Corporal Wait Wright is known to have enlisted as a Private in the Kings Rangers in January, 1783. That’s a proven fact.
A Simeon Wright received rations at Fredericksburg (in now Ontario) in 1784. It is not known if this was Captain Simeon Wright (there were a number of Wright males named Simeon in New England during the relevant time frame).
On February 16 1786, Sarah Wright filed a claim, on behalf of her husband; for losses due to Simeon Wright because of his loyalty to Great Britain. There is however, absolutely NO record of his ever being a Loyalist.
Corporal Wait Wright is on record as purchasing cattle in Rutland, Vermont in 1786. That appears to be a curious thing for a person who was forced out because of his Loyalty to Britain to be doing. His brother, Simeon Wright was living in Rutland at that time, as were his sisters Anna and Sarah.
Wait Wright had 16 children, the first born in Rutland, Vermont in June 1786. Once again, it seems somewhat curious that a committed Loyalist either was living in Rutland, or was present in Rutland, when his daughter was born. There is no known record of a marriage, of his wife’s name, or what happened to 8 of his 16 children. It is known that all but one of his sons (Smith Wright) served in the Durham County Militia – in [what is] now Ontario.
I have searched, for over 40 years, for ANY proof that Captain Simeon Wright ever supported the British cause in any manner. I have also searched for any record of the deaths of Simeon or Sarah Wright in both Canada and Vermont.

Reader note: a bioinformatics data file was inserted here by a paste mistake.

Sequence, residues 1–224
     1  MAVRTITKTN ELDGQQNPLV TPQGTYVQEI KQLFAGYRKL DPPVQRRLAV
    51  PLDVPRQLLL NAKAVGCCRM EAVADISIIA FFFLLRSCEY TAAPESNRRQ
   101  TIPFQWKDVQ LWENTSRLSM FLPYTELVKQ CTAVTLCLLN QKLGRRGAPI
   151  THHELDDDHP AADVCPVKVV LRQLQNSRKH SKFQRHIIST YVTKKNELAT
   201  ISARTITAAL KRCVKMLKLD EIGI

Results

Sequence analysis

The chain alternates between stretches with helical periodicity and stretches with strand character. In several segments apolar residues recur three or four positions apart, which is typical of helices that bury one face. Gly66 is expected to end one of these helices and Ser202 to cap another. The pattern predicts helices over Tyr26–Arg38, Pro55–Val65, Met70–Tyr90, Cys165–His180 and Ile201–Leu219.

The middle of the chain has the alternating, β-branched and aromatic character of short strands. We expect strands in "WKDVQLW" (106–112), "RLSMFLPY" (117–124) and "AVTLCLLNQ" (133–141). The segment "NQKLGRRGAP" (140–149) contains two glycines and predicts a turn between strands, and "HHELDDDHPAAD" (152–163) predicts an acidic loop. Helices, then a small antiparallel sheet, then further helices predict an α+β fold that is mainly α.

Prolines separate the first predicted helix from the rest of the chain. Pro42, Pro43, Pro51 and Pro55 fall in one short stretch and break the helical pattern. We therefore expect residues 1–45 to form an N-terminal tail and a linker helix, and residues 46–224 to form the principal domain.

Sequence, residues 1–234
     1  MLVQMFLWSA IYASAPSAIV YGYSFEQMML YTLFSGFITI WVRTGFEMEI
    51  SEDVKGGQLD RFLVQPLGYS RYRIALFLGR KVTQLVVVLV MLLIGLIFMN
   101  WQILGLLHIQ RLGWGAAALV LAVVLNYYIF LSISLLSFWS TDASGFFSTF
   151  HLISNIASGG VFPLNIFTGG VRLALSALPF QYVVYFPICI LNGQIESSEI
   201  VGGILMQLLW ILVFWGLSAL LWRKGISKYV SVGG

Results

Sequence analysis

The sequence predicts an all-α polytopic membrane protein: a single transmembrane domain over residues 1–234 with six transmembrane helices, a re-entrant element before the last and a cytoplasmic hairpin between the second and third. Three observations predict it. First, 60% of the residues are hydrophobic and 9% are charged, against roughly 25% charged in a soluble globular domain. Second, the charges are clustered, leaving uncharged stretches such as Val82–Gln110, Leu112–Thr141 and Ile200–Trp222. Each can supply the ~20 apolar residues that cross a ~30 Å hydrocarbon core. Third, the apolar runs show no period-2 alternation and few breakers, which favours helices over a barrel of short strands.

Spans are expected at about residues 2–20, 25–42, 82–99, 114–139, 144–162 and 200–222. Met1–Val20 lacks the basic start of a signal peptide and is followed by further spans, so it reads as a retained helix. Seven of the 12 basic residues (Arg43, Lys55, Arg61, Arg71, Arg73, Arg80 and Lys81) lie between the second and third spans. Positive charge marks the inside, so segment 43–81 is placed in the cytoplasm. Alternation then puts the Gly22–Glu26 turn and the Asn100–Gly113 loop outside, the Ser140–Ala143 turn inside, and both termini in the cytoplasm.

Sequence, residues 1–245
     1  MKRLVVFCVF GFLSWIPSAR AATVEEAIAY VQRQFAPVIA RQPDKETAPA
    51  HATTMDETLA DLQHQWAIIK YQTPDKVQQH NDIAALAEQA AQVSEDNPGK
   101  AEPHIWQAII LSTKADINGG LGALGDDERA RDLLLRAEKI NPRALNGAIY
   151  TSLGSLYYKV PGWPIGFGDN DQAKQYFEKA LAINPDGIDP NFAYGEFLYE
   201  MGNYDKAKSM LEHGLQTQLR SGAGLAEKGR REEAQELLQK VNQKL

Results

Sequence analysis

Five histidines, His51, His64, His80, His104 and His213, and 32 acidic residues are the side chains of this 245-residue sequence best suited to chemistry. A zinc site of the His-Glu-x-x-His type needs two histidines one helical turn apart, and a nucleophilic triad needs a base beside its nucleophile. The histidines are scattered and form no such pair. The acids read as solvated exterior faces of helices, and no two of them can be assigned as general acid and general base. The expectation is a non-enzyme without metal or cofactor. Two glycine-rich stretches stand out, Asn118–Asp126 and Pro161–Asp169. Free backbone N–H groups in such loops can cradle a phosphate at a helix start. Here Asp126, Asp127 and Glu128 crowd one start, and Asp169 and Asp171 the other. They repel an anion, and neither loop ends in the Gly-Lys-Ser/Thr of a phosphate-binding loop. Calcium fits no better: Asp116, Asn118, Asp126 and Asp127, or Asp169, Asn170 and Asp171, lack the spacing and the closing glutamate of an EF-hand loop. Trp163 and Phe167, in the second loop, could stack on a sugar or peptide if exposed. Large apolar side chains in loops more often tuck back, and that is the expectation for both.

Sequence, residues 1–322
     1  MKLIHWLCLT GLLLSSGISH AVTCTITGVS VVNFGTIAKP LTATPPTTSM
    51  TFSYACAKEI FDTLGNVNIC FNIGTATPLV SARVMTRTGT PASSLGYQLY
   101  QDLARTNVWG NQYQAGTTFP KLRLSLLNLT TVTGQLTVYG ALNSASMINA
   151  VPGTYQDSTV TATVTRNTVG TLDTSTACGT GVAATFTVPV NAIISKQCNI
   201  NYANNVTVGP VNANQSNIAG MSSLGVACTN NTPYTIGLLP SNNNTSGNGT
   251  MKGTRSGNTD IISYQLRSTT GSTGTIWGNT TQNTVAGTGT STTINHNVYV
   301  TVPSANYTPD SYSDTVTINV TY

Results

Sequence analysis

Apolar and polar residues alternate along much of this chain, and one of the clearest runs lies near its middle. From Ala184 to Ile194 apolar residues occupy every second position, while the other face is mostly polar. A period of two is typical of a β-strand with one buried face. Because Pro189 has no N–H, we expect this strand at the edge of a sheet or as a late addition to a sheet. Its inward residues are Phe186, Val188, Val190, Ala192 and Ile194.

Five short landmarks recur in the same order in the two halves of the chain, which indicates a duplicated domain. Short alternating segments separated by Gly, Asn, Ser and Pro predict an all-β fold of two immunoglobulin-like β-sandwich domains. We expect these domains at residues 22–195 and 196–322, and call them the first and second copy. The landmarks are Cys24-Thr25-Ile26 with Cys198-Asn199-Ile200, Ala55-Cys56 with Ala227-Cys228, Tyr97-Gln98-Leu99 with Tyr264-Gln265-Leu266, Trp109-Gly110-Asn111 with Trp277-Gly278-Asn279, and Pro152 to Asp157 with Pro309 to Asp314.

I suspect that Captain Sineon Wright likely died between 1781 and 1786. I believe that his widow went to Canada to be with her older two daughters (who were both married to Loyalists), and filed a claim in an effort to obtain a benefit. I have no proof of that, but it is widely believed among his American descendants.
As far as his son Wait is concerned, once again, his case is a curious one. He is known to have been living in Hope Township (ON), and then Darlington (ON). But where/when did he marry? Why did a number of his children return to the USA? Where did he die, and when?
I know that Captain Simeon Wright appears on the UEL list. BUT, what evidence, other than the petition signed by Sarah Wright, shows that Simeon Wright was a Loyalist?
Wait Wright, for whatever reasons, chose to enlist in the King’s Rangers in 1783. This was after having served for the vast majority of the Revolutionary War on the opposite side. What caused him to switch sides, on the eve of Victory by the American side?
I began working on my family genealogy back in 1978, when my mother died. I wanted to find out how many of the family stories were true. It turned out that most of them were not completely true, but the real stories were much more interesting.
I would very much like to get some accurate data on Captain Simeon Wright, UE and Wait Wright, UE. They are the ONLY direct ancestors that I have very little information on from the time of the American Revolution onward.
I plan to apply for my UEL Certificates, from my Wright ancestors, as well as my Nova Scotia loyalist ancestors Alexander Peers and Daniel Teed.
…Lynton “Bill” Stewart Alvaton, Kentucky, USA